Project Description

Dr Simone Linz


The University of Auckland

Algorithms to reconstruct phylogenetic networks

Data science and machine learning for bioinformatics

Wednesday 4 July 2018

Simone Linz is a Senior Lecturer in the Department of Computer Science at the University of Auckland, and a Principal Investigator of the Centre for Computational Evolution. Prior to joining the University of Auckland, she held a Marie Curie International Outgoing Fellowship at the University of Tübingen and the University of Canterbury. Her research interests include algorithmic and mathematical questions in evolutionary biology. In particular, she develops tool to reconstruct and analyse phylogenetic (evolutionary) trees and networks.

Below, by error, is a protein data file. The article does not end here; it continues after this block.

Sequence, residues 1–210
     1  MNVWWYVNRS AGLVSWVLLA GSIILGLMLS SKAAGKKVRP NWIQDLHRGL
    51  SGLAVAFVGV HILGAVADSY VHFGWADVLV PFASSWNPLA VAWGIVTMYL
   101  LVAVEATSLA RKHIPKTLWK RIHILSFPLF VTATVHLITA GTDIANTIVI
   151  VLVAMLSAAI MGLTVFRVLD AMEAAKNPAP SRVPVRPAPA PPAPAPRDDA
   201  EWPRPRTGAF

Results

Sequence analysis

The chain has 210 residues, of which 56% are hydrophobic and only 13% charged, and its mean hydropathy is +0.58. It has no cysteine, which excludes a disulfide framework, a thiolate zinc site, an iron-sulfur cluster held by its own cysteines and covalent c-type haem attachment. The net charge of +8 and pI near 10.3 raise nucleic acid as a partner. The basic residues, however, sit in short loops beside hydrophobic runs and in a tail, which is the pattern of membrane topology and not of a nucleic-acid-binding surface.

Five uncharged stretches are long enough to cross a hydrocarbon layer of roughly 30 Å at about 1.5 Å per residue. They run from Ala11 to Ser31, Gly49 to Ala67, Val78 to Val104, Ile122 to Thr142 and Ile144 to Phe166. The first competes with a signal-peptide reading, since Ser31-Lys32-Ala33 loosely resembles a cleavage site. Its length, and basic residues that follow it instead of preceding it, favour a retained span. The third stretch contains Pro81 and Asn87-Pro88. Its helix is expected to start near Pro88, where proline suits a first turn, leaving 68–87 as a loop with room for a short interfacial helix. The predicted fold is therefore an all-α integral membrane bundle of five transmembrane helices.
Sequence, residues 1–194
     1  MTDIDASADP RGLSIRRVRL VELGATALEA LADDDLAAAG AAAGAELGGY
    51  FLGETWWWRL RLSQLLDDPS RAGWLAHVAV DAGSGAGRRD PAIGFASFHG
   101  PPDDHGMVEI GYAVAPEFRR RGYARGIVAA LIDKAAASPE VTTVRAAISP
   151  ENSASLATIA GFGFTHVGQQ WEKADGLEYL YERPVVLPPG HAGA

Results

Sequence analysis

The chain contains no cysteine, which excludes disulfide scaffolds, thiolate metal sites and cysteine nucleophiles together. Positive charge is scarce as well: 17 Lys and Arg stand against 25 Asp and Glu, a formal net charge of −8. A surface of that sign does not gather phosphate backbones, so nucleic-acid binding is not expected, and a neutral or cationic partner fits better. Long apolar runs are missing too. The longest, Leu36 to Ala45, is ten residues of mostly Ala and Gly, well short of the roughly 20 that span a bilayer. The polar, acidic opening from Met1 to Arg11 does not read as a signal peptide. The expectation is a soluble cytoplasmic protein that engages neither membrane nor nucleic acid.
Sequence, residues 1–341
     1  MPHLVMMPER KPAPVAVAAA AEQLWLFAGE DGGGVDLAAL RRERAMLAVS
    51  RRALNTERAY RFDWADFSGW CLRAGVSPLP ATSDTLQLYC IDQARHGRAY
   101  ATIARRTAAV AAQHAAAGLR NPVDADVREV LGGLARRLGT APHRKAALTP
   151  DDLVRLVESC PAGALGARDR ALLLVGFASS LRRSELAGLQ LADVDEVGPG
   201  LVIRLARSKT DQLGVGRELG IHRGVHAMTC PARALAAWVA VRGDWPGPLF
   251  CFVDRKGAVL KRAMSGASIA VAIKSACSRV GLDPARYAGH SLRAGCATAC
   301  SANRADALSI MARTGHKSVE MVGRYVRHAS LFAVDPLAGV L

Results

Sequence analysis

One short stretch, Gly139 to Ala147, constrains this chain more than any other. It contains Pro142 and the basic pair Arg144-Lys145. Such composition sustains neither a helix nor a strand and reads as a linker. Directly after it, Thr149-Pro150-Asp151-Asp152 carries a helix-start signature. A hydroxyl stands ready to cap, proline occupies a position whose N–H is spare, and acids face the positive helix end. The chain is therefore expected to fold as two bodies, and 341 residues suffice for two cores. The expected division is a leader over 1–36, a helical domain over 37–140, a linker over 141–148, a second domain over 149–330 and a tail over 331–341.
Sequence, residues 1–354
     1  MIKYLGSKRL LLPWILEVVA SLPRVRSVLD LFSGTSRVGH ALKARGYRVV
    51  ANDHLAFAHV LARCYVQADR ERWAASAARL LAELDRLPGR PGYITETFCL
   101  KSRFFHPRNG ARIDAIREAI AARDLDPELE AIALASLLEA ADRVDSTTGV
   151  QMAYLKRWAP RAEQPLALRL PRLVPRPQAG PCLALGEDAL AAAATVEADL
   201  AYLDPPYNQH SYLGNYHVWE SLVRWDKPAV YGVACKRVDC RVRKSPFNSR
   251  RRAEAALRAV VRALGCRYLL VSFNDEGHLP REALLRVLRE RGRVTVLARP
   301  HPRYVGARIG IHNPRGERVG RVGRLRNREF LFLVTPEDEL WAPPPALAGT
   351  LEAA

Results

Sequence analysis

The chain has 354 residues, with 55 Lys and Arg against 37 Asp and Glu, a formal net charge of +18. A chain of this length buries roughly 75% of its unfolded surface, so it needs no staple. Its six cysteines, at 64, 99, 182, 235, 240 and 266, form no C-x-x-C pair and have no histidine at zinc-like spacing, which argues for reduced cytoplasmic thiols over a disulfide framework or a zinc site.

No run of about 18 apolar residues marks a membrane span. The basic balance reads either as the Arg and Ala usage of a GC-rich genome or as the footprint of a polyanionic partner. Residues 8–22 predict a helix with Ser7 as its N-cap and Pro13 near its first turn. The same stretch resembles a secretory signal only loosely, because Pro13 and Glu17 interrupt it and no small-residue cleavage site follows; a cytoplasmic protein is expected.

Recent advances in whole-genome studies provide increasingly strong evidence for a vital role of hybridisation in fortifying species and allowing them to adapt to new environments. To represent such complex evolutionary histories as a web of life rather than a simple bifurcating tree of life, phylogenetic (evolutionary) networks have become a popular tool. In comparison with trees, phylogenetic networks — which are graphs with underlying cycles — do not only represent speciation events but, additionally, allow for the representation of processes (e.g. hybridisation) in which distinct species recombine their genetic material and create a new species. In this talk, we investigate how tools from graph theory and theoretical computer science can be used to develop new algorithms that reconstruct a phylogenetic network from a collection of phylogenetic trees.